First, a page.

Paige Roberts is the Director of the Archives and Special Collections at the Oliver Wendell Holmes Library. When Roberts is not on campus, she enjoys hiking in the White Mountains and going to the beach.
1. What’s your favorite part of your job?
My favorite part of my job is working with students. I feel like there are so many interesting projects and compelling questions that students have that are worth exploring through material in the Archives. That’s fun.
2. What is one thing you’ve learned during your time at Andover?
One interesting thing is the wide variety of questions that people can ask using the material in the Archives about school history or other topics in, say, U.S. history.
3. What’s it like doing research into the past?
I’m thinking about my own experience as a researcher, and I have to say that it can be very frustrating. Because unlike in the library, where you can go and either pull a book off the shelf or somehow find it from some other library, you’re having to look through a lot of primary source documents, and you may not actually find what you’re looking for, and you may have to shift your question a little bit, the issue that you’re exploring. So it can be frustrating. Research can be intimidating. It can be sad if there’s sad information, let’s say about a student who passed away 100 years ago. And it can be exciting. I think particularly the connections that you can make about people in the past are really pretty amazing sometimes.
4. What does your daily routine look like?
One thing I really like about my job is that it is very varied. Because I am the only person doing the Archives and Special Collections, I do everything from working with alumni to bringing new donations in and new collections in…I also have various transcription projects, so projects for students to transcribe primary source documents in the Archives. And then I’m always trying to work on improving my website.
5. What is your favorite book?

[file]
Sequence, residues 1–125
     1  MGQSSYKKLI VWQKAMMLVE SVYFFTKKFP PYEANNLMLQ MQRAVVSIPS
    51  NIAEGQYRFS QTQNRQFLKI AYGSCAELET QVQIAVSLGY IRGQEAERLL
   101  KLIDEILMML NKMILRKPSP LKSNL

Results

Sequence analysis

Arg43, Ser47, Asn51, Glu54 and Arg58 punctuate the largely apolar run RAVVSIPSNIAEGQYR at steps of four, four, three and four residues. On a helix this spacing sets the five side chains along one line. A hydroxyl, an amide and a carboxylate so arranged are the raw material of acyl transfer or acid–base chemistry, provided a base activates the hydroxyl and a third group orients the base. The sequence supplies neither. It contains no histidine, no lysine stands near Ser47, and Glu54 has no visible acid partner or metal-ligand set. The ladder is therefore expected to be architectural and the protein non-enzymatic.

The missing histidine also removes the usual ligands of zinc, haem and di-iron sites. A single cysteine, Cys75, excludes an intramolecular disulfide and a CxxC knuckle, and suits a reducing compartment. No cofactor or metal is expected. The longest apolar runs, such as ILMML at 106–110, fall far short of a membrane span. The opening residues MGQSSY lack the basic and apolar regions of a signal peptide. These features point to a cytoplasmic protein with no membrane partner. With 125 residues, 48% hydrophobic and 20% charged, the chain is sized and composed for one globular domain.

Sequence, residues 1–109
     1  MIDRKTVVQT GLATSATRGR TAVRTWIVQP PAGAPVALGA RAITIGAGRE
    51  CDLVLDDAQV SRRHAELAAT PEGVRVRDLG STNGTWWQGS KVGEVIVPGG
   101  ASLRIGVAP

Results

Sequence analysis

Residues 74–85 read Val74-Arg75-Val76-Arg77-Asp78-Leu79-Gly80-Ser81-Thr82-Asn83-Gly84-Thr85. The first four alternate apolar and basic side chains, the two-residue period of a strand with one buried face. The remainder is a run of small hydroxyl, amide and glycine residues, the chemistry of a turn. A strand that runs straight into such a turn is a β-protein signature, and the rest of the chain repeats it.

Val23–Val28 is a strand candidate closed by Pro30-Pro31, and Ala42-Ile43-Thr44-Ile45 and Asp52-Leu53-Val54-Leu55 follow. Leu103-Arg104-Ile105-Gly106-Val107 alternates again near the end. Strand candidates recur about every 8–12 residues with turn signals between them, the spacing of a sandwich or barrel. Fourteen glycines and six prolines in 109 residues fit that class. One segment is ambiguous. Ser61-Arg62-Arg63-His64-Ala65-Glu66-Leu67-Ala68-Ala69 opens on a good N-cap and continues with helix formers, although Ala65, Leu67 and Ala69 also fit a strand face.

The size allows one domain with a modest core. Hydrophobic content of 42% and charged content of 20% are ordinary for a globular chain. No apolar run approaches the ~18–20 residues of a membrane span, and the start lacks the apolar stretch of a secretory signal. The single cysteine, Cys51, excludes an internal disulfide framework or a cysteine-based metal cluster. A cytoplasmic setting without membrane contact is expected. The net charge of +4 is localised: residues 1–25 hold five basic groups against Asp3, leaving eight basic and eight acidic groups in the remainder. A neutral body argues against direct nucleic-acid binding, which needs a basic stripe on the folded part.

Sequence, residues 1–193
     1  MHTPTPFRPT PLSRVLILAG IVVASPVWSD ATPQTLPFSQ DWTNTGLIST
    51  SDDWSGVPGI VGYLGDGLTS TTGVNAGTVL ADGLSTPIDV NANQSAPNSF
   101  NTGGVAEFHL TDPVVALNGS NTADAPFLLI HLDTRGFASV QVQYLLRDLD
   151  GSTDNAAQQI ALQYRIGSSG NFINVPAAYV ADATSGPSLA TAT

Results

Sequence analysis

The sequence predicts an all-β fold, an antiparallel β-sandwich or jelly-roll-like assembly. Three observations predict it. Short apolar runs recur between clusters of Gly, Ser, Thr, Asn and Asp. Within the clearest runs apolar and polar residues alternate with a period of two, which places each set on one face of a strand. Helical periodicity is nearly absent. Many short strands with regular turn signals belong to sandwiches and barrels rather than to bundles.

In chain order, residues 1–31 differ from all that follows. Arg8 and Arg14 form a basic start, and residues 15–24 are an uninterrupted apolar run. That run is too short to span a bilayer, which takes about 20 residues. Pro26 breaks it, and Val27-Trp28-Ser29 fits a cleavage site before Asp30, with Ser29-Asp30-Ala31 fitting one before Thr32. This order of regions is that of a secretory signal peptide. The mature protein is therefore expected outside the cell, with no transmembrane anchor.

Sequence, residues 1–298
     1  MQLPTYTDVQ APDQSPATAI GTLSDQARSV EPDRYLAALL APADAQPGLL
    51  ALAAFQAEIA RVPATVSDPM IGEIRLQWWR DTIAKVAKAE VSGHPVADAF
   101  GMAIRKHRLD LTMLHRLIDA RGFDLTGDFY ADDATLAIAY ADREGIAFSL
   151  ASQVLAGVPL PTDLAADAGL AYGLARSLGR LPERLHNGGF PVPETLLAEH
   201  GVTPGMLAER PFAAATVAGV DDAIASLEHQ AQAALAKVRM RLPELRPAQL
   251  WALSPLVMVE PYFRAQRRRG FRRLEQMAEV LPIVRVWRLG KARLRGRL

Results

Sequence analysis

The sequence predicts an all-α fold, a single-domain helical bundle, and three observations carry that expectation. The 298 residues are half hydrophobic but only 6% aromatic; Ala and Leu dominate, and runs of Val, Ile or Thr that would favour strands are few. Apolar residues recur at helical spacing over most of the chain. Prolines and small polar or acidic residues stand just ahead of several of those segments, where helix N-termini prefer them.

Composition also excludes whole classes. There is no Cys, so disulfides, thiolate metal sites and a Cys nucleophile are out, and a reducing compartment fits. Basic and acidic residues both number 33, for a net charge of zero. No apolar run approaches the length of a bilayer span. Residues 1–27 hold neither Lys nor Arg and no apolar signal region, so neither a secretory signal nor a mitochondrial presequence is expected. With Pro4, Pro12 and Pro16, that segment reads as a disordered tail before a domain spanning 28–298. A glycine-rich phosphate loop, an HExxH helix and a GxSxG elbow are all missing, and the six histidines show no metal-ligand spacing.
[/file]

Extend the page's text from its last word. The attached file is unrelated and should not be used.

It’s such a common thing to say probably, but, in some ways, my favorite book is the one I’ve read most recently. I feel like I’ve read so many amazing books lately. One of them was actually this really incredible book called “Soul Mountain” [by Gao Xingjian]. He was, I think, the only Chinese author to win the Nobel Prize. It was written around 1980…It’s sort of autobiographical, a true story about this guy who was diagnosed with cancer, and he basically goes on this amazing bus trip and then he walks up this mountain, then meets a hermit and has all these just amazing experiences. A really extraordinary book.
6. What’s something that most people don’t know about you?
I have recently become sort of a reluctant dog person. I never liked dogs, and now we have a dog and I like dogs now.
7. Do you have any crazy experiences you want to share?
I’ve had some pretty intense experiences winter hiking in the White Mountains. You know when it’s below zero and there’s ice and you’re trying to climb up this sheer face with ice, wearing crampons after hiking eight miles.
8. What’s one thing you cannot live without?
9. What’s your favorite spot on campus?
I don’t know if it’s too weird to say, but right here [in the Archives]. I love the Washington Elm. I’m very lucky to have the Washington Elm right here. Well, maybe that and also Elm Arch, too.
10. Who inspires you?
Maybe it won’t sound sincere, but I mean it sincerely that a lot of the students here inspire me. I think in terms of their motivation, curiosity, and energy to improve things.